Thursday, November 19, 2009

Split Run Testing

The "split run" is a testing device long employed in mail order advertising. You have two ads. Which is more effective? You get the answer with a split run test. In addition to testing the effectiveness of an entire ad, headlines, photos, color vs. black and white, etc. can all be tested.

The mechanics for a split run test are simple. The advertiser prepares two ads of identical size and gives each a separate key code on its order coupon. When the coupons (orders) come in, the numbers are read and the winner declared.

The "perfect A-B split" is made possible thanks to the mechanics of the printing press. Some (not all) publishers of newspapers and magazines are able to print in such a way that, as the pages come off the press and are bound, alternate "books" include first the "A," then the "B," then the "A" ad again, etc. Thus a "perfect" split as the publication goes into distribution.

But now we're on the internet. How do we test ads and advertising concepts? It isn't easy and the attempts we make produce much less precise results than a "perfect" A-B split. Yet there are times when we still want to give the concept a try.

I have a number of fragrances that I have created. By myself. My own formulas. And I sell them on the internet. I have been developing a website, and that website has produced some sales.

But, since I'm pretty much unknown as a perfumer outside of my own blogs, I need to stand on my head to get attention -- like the owner of a used car lot -- so to give the website some "personality" I have tried to make it a bit colorful and not exactly what most perfume buyers would expect. website soldiers along.

But could I do better? Would a more "serious" approach to selling my own perfume outdo the seemingly frivolous approach of Thanks to the low cost of setting up a new website, I decided I would give it a try. Thus I now have a second website selling my own perfume and men's fragrances, a "serious" site,

This split test will never have the accuracy of a traditional mail order perfect A-B split. But, as the new site acquires visitors (this will take time), I will be able to see whether I get more sample requests from the one or from the other. This information will help me develop new dvertising pages that sell more effectively.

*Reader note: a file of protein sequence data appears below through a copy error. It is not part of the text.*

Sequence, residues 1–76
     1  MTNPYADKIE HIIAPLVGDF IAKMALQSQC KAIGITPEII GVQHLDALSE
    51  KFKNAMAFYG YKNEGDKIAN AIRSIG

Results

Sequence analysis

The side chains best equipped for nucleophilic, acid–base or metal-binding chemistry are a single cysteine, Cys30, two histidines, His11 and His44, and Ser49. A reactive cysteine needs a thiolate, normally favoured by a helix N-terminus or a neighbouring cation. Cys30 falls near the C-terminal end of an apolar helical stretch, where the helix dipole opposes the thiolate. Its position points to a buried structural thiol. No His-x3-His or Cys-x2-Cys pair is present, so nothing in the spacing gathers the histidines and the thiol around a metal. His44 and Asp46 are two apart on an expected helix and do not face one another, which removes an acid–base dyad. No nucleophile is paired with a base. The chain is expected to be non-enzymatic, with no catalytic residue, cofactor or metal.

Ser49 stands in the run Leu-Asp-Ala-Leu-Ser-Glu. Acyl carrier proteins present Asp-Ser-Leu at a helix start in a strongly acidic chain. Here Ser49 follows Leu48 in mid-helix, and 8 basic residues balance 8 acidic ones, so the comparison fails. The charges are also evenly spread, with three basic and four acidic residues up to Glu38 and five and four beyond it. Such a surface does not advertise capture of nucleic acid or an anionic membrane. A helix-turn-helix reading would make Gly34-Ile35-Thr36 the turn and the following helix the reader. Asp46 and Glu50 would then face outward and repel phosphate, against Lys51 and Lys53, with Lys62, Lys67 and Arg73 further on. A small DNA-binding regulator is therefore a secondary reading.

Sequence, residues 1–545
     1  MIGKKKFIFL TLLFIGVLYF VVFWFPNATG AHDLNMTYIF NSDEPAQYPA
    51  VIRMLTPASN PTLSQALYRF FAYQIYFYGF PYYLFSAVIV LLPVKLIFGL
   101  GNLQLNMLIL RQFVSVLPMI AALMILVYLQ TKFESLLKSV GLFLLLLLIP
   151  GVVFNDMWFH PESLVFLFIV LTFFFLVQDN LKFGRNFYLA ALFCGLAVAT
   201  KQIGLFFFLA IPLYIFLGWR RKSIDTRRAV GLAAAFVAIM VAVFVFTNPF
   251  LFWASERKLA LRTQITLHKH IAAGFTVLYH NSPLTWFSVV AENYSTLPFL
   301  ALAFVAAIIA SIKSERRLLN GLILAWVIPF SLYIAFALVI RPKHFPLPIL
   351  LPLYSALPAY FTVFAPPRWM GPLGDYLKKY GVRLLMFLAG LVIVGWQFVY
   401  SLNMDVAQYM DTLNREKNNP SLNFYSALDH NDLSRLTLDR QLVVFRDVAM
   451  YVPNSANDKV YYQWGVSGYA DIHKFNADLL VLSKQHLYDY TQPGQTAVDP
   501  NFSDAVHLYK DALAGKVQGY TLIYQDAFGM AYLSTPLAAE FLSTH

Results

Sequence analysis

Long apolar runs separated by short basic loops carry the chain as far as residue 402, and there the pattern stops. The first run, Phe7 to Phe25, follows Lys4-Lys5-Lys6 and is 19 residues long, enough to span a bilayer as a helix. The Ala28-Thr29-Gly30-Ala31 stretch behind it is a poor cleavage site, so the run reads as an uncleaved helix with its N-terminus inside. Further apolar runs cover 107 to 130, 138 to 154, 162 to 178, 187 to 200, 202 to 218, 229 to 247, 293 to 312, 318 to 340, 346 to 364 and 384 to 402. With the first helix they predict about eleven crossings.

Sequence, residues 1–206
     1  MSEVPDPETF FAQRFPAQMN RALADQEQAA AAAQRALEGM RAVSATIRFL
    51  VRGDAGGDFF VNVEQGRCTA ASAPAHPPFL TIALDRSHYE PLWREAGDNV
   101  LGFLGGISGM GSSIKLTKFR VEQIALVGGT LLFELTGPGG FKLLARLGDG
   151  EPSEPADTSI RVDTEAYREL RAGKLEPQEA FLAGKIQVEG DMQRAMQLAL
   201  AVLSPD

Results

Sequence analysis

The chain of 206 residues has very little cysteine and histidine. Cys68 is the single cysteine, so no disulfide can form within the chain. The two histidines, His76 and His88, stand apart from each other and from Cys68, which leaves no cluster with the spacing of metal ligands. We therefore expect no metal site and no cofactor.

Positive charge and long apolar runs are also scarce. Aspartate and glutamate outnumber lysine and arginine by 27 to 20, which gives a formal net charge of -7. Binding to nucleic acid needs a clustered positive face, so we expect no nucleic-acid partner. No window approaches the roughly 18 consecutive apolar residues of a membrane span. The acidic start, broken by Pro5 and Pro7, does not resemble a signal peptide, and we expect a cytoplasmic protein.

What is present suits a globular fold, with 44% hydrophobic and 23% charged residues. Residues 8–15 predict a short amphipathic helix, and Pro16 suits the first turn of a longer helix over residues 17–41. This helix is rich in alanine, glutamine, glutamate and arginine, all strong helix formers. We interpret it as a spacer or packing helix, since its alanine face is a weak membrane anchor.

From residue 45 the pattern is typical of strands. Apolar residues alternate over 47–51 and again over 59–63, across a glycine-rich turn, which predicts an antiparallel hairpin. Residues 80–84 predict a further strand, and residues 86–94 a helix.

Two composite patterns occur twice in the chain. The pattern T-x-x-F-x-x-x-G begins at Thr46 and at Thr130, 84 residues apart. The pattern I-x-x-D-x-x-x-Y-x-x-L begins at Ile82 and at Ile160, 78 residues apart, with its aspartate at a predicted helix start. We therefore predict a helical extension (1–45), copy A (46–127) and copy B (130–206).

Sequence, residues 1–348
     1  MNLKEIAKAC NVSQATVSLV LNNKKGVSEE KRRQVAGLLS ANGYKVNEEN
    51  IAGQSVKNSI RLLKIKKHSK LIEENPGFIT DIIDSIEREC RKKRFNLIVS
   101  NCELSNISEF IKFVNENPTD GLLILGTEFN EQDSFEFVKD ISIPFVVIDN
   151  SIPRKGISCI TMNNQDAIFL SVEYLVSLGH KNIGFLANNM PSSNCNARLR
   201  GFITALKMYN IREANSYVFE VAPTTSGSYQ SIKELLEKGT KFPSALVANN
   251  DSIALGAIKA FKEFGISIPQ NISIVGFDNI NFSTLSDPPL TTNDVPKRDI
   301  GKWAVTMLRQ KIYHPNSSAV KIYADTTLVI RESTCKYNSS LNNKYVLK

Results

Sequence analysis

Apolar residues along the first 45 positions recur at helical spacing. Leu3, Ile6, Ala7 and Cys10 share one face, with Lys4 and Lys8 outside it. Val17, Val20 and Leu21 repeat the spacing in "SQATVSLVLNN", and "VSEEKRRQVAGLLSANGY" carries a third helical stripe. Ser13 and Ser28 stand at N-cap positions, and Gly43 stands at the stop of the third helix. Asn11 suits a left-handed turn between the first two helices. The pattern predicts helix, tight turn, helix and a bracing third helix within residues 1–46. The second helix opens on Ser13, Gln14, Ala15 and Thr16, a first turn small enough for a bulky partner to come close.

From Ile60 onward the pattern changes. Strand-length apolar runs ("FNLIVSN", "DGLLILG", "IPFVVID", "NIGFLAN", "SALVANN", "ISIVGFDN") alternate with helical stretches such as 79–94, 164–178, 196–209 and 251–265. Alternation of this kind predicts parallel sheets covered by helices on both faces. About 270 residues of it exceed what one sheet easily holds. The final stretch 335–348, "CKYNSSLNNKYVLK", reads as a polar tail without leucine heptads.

Ultimately, it's the perfume itself that will make or break the business. But without a "following" you can't expect sales and I want to develop effective communications to build that following. I'm sure that you want this too.


I have said repeatedly that trying to develop an "internet only" perfumery is not a wise move for anyone who is totally unknown yet hopes to get rich quick. Please credit me with patience.

I do believe that developing such a business is possible and my own results to date have been, if not dramatic, at least encouraging. I believe that the "secret" to making such a business flourish is to find a compelling "hook" that will stimulate significant numbers of visitors to request a sample or samples, of your perfume or cologne.

So the fist challenge in this business, even before the fragrance itself, is finding a hook that will bring in sample requests. If you get lots of sample requests but no sales, you can rest assured that the problem lies in your fragrance, not your marketing.

So while my brain and nose are working on new fragrances, I keep my eyes open for marketing ideas that will stimulate requests for samples. My latest brainstorm, which I want to share with you, is the "TWO CENT SAMPLE" offers I am currently employing at my new retail sales website,

The deal is simple. Send me two cents (plus postage and handling) and I'll send you a generous sample of each of the fragrances you request. Obviously two cents doesn't cover their cost. The standard postage and handling charge helps. Of course it would be nice to offer absolutely free samples because I really would like to get them out there but the last time I made a significant "free" offer, about sixty-five percent of those who took me up on it were serving prison sentences and not likely to become cash customers, even upon their release.

"Free" is a strong concept but in the practical world of business it has to be controlled. Thus "two cents (plus postage and handling.)

Will this concept work? Time will tell and I'll be happy to report back at some future date. Meanwhile for your own perfume marketing projects, always keep in mind the value of a sample and the need to get those samples out in the marketplace where they hold the potential to stimulate profitable sales.